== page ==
Here’s my problem with the proliferation of firearms:
“A man who accidentally banged on the door of a stranger’s house early this morning was shot by the homeowner, (Las Vegas) Metro Police said.
Lt. Ted Glaude said the victim had been at a birthday party at a nearby house in the 9200 block of Wittig Avenue, near Fort Apache and Elkhorn roads. He left briefly, and when he tried returning about 2 a.m., he confused the two houses and knocked on the wrong door, police said.” [LVSun]
Yes, it’s 2:00 in the morning. Yes, there’s a stranger banging on the door. It’s scary. However, it’s what we don’t know yet that makes this story disturbing.
Did the homeowner ask the stranger to identify himself? Did the stranger try to identify who he was and what he wanted? Did the stranger offer any other ‘threat’ than banging on the door? Did the homeowner announce that he was armed and if the battering on the door continued he would use his weapon? Not to put too fine a point to it, but did the homeowner decide to Shoot First and Ask Questions Later?
We’d probably not want to automatically assume the SFAQ scenario, there are too many details required to flesh out the story. However, it’s the proliferation of firearms which makes that scenario plausible. It may also be the proliferation of firearms which makes it easier to grab a gun as opposed to calling law enforcement as the first step. If a person is awake enough to be handling a firearm, then it ought to be assumed that the individual is also sufficiently awake to use a telephone.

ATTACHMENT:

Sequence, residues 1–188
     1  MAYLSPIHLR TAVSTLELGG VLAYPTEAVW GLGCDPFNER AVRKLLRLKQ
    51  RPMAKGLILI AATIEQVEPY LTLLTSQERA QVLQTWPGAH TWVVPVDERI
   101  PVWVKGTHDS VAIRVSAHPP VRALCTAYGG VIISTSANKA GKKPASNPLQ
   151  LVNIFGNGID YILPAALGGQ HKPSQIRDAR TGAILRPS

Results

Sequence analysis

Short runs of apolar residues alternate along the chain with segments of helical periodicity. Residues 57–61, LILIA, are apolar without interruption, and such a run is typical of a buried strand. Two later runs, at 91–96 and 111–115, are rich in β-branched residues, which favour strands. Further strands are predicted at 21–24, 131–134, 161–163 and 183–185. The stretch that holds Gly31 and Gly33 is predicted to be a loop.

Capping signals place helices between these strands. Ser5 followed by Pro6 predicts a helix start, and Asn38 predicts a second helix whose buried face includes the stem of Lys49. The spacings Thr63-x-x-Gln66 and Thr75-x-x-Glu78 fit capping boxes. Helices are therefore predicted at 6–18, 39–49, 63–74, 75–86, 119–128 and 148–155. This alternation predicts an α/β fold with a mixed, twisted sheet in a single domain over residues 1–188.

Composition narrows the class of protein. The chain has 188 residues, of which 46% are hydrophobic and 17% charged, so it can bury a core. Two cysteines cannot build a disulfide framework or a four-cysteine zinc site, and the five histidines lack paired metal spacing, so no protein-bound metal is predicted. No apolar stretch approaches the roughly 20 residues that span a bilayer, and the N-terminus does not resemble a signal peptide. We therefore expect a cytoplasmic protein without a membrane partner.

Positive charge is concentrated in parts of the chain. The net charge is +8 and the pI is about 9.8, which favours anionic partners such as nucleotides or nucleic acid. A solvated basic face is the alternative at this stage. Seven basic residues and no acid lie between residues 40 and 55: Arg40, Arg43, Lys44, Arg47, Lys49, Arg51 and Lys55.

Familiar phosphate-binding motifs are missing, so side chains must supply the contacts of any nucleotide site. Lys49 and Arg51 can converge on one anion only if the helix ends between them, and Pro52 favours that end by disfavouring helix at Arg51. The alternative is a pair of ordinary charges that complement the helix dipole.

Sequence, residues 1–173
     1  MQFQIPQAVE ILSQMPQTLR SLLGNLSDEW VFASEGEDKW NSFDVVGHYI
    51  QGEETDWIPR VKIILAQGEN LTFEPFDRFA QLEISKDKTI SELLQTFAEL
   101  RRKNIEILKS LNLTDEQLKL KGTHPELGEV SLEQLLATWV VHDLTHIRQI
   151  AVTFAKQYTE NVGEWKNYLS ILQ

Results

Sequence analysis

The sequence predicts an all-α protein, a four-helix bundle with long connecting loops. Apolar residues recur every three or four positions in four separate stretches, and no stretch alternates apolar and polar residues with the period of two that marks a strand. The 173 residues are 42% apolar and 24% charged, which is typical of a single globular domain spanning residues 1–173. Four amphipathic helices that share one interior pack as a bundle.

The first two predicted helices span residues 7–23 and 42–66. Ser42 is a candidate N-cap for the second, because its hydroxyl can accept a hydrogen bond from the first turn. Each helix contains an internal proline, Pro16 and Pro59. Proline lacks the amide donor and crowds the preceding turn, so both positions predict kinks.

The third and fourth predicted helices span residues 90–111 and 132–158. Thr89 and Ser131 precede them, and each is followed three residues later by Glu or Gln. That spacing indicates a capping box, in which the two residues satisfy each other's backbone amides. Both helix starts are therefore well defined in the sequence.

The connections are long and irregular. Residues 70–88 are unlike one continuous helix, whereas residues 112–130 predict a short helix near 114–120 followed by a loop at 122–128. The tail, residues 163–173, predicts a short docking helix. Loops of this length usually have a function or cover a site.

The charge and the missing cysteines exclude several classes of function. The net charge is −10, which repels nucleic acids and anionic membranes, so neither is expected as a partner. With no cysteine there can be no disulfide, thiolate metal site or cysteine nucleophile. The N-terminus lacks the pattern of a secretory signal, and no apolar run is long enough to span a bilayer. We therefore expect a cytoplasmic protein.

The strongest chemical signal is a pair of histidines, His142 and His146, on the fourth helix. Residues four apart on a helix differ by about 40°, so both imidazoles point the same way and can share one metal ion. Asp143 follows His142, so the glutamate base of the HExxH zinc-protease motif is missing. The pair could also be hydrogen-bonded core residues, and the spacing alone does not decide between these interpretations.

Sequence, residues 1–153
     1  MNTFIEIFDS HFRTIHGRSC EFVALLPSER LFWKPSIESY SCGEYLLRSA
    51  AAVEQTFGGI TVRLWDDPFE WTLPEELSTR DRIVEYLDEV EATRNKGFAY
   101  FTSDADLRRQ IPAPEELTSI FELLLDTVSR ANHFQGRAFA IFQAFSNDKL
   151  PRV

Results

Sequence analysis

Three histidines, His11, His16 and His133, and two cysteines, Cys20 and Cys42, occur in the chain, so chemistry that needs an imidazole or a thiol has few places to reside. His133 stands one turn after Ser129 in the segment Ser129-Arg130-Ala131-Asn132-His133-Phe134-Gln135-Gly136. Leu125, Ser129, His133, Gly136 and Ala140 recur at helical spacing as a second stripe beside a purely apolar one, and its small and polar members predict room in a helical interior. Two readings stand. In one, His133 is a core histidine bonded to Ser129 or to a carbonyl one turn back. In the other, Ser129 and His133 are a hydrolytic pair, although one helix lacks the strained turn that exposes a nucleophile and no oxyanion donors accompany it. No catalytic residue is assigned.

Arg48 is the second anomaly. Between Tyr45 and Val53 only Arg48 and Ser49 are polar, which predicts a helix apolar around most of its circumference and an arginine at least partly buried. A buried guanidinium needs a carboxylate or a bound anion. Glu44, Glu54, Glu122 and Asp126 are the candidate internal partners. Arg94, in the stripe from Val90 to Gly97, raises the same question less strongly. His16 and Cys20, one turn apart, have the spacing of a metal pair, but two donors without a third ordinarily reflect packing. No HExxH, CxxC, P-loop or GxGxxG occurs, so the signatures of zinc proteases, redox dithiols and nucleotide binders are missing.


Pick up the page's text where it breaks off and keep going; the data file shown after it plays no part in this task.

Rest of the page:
From the few details available it appears that the stranger was on the property but not inside the home — hence there is no “home invasion” in progress — unless, of course we assume that the first step on the property constitutes a threat of such significance that the use of deadly force is appropriate.
One of the civilized features of American law is the consideration of intent. What was the intent of the ‘invader?’ In this instance the ‘invader’ was seeking voluntary admission into a house which he mistakenly believed was that of a friend, or at least an acquaintance. What was the intent of the owner? The potential for instant lethality or serious injury ought to make any of us who own firearms exceedingly cautious about their use.
Amidst the proliferation of guns it’s often difficult to discern precisely how much threat should be met with how much force by what kinds of people?